Grass

When you think of Kaziranga, the picture that comes to mind is of rhinos grazing peacefully in open grasslands. This is true. But many other things are also true. There is a lot of water, which hides rare otters and turtles. There are trees and forests. In fact, the silk cotton tree is a pest which is threatening to take over the grassland. There are elephants, swamp deer, tigers, wild pigs, and hog deer.

The gallery which you see here is a little kaleidoscope of images from Kaziranga, each featuring grass. Click on one and scroll through for a larger format, if you wish.

Entering the whirlpool

My introduction to nature came first through the stories by Jim Corbett. These would often feature him sitting in a hide with a goat tied nearby as a lure for tigers. Seeing a goat at an entrance to Kaziranga, I was reminded of this.

The gate was an elaborate affair. We counted off what we’d seen already: rhinos, elephants and wild water buffalo were three of the “big five” here. The gate also showed the elusive swamp deer, barasingha. We had only a little glimpse of one on this trip. Pelicans, shown in flight around the gate posts and holding the sign, are not usually counted among the main attractions. But where was the real big one: the tiger?

It made a brief and almost unnoticed entrance at the bottom of a signboard full of the rules which bind you and protect the forest. If you don’t stand there and read the whole thing you may miss the fact that Kaziranga is also a tiger reserve. In fact it has the highest density of tigers in the world, but they are seldom spotted because of the tall grass that they can hide in. The goat was only a decoy, after all.

The central zone had a less impressive gate: just a boom which could be raised or lowered. But I liked the owls which showed the opening and closing times for visitors. We never did get to see the tiger, but we saw so much here that I didn’t regret the trip at all.

The big misses

After all that driving around inside Pench National Park, there were still some major species of mammals that we missed seeing. One of the closest calls was a leopard. We heard a cheetal’s alarm call and then saw the deer. We heard a langur’s alarm call very soon after. Then nothing.

The cheetal was still alert, looking in the direction where it had just sensed the predator. You can see its tail mid-quiver in the featured photo. One movement from the hidden beast and it would go up, sending out a white flash of an alarm signal as it made an alarm call again. But nothing happened. We waited for more than half an hour, and then lost our patience. We weaved our way past the other waiting jeeps. Later, in the hotel, we heard that a minute after we left, the leopard had been sighted. That’s luck for you.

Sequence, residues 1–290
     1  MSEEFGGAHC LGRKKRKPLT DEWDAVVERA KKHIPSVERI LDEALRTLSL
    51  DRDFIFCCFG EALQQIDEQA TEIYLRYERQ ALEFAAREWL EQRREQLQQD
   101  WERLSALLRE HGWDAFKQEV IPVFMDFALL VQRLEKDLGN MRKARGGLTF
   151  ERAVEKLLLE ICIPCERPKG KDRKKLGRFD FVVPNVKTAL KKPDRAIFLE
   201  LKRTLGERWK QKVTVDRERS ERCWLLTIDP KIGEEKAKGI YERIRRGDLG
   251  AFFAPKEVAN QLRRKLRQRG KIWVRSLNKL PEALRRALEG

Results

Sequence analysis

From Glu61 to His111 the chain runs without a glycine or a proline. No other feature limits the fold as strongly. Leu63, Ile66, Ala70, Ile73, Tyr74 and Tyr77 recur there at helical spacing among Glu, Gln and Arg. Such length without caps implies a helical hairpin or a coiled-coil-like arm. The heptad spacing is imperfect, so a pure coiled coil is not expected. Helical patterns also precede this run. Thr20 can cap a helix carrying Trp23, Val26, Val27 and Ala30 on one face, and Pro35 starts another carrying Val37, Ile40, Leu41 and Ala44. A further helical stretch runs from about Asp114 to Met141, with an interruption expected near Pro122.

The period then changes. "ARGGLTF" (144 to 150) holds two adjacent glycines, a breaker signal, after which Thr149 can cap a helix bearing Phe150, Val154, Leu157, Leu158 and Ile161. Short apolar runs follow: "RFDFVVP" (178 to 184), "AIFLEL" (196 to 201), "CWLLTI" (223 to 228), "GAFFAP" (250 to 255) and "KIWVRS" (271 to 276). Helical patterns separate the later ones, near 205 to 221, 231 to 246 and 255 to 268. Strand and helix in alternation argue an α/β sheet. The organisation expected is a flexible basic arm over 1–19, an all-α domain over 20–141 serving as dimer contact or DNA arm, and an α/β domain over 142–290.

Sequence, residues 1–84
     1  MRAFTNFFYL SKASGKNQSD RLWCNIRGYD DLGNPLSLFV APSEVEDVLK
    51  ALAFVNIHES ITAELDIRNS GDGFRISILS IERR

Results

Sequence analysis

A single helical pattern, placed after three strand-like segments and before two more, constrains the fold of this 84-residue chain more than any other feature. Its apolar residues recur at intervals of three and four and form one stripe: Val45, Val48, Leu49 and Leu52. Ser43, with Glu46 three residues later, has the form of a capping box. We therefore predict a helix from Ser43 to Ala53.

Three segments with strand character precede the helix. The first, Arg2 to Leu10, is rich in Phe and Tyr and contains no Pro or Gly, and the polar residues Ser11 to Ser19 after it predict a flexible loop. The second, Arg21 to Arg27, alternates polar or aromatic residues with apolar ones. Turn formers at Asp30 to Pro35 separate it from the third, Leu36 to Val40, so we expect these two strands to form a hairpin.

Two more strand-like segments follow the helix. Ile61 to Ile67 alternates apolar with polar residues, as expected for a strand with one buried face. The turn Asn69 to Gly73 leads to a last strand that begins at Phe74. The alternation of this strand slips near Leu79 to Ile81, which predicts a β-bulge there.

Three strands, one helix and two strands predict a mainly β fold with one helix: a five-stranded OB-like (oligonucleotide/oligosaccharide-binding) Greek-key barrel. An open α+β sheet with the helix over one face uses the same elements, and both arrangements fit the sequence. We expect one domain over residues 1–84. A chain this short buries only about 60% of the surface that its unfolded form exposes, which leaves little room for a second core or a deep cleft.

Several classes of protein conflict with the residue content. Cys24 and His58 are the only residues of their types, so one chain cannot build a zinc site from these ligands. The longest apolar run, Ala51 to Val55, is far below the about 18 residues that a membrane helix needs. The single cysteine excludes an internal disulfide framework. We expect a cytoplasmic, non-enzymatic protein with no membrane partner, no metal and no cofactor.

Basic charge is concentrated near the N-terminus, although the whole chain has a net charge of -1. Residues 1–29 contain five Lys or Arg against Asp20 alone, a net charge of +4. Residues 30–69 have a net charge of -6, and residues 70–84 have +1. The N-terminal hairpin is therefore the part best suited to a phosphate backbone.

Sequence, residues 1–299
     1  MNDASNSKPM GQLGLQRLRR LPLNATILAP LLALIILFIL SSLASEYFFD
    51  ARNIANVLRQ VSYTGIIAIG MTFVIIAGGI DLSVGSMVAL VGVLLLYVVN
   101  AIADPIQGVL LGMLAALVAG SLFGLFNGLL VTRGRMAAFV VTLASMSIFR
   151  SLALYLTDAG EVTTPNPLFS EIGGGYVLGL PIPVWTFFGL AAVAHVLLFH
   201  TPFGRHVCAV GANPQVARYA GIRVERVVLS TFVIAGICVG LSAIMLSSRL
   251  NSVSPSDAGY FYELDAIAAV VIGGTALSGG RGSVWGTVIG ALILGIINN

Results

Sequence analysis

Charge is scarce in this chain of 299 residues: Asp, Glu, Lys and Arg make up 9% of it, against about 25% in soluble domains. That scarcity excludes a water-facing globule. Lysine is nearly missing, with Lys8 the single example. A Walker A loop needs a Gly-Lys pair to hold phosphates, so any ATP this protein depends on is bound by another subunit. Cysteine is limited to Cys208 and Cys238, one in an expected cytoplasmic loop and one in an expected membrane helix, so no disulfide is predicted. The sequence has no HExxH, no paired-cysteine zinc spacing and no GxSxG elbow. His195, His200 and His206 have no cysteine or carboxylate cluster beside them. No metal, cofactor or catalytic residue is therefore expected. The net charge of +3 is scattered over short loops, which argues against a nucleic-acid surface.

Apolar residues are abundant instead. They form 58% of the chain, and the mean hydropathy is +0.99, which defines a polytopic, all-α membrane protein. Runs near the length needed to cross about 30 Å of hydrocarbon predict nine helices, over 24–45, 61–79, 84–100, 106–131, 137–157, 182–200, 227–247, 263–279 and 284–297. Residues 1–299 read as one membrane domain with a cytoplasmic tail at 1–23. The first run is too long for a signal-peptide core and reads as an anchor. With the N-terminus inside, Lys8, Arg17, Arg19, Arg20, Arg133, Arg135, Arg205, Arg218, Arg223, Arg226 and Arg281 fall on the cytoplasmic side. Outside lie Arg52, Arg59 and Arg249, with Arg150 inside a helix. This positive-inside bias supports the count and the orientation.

Dusk had fallen. We drove to a nearby water body, and saw nothing there. Later we heard that we had missed a shy two-year old tiger cub which was lying in the water where we went, and moved off as soon as a jeep came by. This happened as we waited for the leopard!

Wild boar spooked while crossing a road in Pench National Park

We did not exactly miss seeing wild boars. I managed to take the blurred photo which you can see above. These were part of a sounder which were crossing the road. They got spooked while crossing, and the rest of the group scuttled back into the undergrowth. In Pench wild board come out in such bad light.

We never saw a sloth bear, although there are many in Pench. The only reasonable view I’ve had of these bad tempered creatures was a few years back in Tadoba Tiger Reserve. One of them was demolishing a termite mound behind a copse of trees. I could see it between the trees. The one time I took photos of a sloth bear and its two cubs, they were running away across a meadow well after sunset. A lot of fiddling with the image could give me a recognizable picture.

Another wide miss was the Indian wolf, which apparently had made a minor comeback in this area. We never heard reports of anyone seeing them in the time that we were in Pench. The deer called the Barasingha is in the official checklist, but none of the guides said they had seen one. One of them was quite categorical that there were none here, "Go to Kanha," he said.

A close miss was a sighting of wild dogs. We kept running into jeeps whose passengers would say, "We saw a pack just minutes back. I’m sure they’ll be back if you wait here.". They never came back. The jungle is a chancy thing. You can be sure of seeing trees. Everything else is an extra.